WELLS v. MISSOURI,
Annotate this Case
419 U.S. 1075 (1974)
- Syllabus |
U.S. Supreme Court
WELLS v. MISSOURI , 419 U.S. 1075 (1974)
419 U.S. 1075
State of MISSOURI.
Supreme Court of the United States
December 16, 1974
On petition for writ of certiorari to the Supreme Court of Missouri.
The petition for a writ of certiorari is denied.
Mr. Justice BRENNAN, with whom Mr. Justice DOUGLAS and Mr. Justice MARSHALL join, dissenting.
On Louis of $200. During the robbery, one of petitioner's confederates fired a shot which killed a bank employee. Petitioner was charged in separate indictments with first-degree murder and first-degree robbery by means of a dangerous and deadly weapon. At the time the death penalty was available under Missouri law for each of these crimes with the decision whether it should be imposed committed to jury discretion. 559. 030, 560.135 (Mo.Rev.Stat.1959) V.A.M.S.
Under then-applicable Missouri criminal procedure rules, it was not permissible to join in one indictment or at one trial robbery and murder charges. See Mo.Sup.Ct.Rule 24.04, V.A.M.R.; 545.120, 545.130 (Mo.Rev. Stat.1959), V.A.M.S. Petitioner was tried first on the murder charge. Missouri punishes as first-degree murder 'every homicide which shall be committed in the perpetration or attempt to perpetrate any arson, rape, robbery, or mayhem.' 559.010 (Mo.Rev.Stat.1969), V.A.M.S. While the murder indictment alleged that petitioner murdered the victim 'feloniously, willfully, premeditately, deliberately, on purpose and of . . . malice afterthought,' petitioner claims, and the Supreme Court of Missouri, as we read its opinion, found, that the murder case was tried to the jury on a felony-murder theory, with proof of the elements of
the robbery supplying the requisite mens rea for murder. Missouri permits trial on a felony-murder theory even though the indictment does not allege the felony but alleges directly the mens rea for first-degree murder. State v. Conway, 351 Mo. 126, 171 S.W.2d 677 (1943).
Petitioner was found guilty of firstdegree murder by the jury, which assessed his punishment as life imprisonment. At the sentencing hearing before the trial judge, petitioner waived his right to appeal the murder conviction and was sentenced to life imprisonment for murder. At the same hearing, he withdrew his not-guilty plea to the robbery charge and entered a guilty plea. The prosecuting attorney then recommended a concurrent life sentence on the robbery conviction, and the judge imposed the recommended sentence.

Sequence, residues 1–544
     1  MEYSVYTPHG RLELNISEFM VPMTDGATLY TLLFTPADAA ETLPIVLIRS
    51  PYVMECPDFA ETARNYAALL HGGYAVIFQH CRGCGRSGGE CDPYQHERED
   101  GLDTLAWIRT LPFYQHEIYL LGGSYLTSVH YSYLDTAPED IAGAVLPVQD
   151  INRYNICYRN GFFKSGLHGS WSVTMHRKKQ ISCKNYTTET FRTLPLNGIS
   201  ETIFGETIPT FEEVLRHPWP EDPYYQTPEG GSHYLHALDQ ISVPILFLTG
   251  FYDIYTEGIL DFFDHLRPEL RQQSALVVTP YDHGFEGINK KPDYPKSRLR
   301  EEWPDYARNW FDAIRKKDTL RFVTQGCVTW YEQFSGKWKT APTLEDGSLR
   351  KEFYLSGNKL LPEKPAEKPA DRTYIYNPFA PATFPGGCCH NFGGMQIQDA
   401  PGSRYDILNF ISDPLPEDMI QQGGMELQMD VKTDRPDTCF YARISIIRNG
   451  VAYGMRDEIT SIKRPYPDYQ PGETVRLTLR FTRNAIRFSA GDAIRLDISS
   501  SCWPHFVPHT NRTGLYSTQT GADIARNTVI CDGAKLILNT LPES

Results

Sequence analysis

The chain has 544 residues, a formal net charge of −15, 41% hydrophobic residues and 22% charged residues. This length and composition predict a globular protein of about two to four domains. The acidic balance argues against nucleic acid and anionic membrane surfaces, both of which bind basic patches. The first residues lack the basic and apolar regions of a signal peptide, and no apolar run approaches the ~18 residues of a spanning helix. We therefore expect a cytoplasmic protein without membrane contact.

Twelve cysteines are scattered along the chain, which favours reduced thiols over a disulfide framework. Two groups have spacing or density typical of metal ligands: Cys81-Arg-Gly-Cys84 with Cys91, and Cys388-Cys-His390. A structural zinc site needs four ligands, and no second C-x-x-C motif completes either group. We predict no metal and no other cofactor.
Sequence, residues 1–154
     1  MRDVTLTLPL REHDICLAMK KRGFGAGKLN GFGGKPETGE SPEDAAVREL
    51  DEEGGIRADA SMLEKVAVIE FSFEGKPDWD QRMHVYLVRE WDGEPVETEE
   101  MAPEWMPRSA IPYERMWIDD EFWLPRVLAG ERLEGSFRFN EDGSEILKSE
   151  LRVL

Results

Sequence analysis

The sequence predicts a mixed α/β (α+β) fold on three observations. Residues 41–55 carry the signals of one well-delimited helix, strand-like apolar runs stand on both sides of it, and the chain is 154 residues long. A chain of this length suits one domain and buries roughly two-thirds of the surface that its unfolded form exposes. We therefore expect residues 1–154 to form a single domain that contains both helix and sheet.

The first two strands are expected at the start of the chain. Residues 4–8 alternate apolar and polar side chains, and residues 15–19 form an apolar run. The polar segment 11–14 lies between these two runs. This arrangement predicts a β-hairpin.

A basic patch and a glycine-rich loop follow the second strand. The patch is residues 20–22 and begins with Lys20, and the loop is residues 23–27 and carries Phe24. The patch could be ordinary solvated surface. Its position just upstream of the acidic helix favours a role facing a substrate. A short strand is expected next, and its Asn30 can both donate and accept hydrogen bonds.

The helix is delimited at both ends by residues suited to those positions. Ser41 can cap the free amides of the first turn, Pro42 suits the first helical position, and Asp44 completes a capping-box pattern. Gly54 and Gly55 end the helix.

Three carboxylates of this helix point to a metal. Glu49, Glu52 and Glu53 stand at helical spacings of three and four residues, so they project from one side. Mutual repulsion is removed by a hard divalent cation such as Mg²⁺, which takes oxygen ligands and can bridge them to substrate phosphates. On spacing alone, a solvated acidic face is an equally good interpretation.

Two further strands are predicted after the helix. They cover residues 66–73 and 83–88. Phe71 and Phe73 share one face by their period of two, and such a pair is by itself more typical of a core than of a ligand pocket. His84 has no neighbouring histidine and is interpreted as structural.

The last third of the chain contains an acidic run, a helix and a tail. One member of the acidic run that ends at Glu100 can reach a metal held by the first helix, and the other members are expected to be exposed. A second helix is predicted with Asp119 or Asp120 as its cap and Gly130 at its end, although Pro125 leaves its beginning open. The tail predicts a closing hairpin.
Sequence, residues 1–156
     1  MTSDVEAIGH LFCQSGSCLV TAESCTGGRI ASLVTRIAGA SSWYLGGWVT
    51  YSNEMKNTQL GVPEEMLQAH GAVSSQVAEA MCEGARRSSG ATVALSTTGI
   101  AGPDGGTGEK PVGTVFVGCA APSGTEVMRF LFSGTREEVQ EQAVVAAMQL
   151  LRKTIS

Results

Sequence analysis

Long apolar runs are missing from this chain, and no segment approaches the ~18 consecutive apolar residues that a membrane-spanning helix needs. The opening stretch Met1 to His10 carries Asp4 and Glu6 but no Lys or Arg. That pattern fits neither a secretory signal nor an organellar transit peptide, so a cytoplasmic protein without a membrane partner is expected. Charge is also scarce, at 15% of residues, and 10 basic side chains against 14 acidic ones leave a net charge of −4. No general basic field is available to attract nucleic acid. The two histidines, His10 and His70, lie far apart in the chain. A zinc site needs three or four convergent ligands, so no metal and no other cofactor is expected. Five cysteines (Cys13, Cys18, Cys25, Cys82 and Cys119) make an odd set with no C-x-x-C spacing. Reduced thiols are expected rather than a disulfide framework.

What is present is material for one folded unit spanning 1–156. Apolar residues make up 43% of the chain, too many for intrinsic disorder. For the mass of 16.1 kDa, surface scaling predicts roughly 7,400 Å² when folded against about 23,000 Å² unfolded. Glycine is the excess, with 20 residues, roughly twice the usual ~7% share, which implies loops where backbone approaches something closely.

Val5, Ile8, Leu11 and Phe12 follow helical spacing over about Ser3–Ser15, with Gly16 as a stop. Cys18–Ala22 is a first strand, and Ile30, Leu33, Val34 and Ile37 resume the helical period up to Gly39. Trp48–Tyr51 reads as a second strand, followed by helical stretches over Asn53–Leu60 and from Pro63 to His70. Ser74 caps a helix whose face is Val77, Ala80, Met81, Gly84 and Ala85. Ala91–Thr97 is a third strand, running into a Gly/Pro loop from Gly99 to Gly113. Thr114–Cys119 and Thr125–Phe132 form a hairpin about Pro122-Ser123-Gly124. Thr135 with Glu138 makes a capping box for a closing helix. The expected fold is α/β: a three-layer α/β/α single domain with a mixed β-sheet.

In 1970, petitioner sought in state post-conviction remedies to vacate both the waiver of appeal from the murder conviction and the guilty plea to the robbery charge. After hearing, the trial judge held that, although both the waiver of appeal and the guilty plea were motivated by fear that the death penalty might be imposed if petitioner stood trial for robbery, the waiver and plea were voluntary. The Supreme Court of Missouri affirmed. 504 S.W.2d 96 (Sup.Ct.Mo.1974).
The Supreme Court of Missouri also rejected petitioner's contention that the prosecution for robbery after conviction for murder on a felony- murder theory violated the constitutional protection from double jeopardy. 504 S.W.2d, at 97, relying on State v. Moore, 326 Mo. 1199, 33 SW.2d 905 ( 1930). In my view this holding was in error.
The two charges leveled against petitioner clearly arose out of the same criminal transaction or episode, yet they were tried separately. In that circumstance, we should grant the petition for certiorari and reverse the robbery [419 U.S. 1075 , 1077]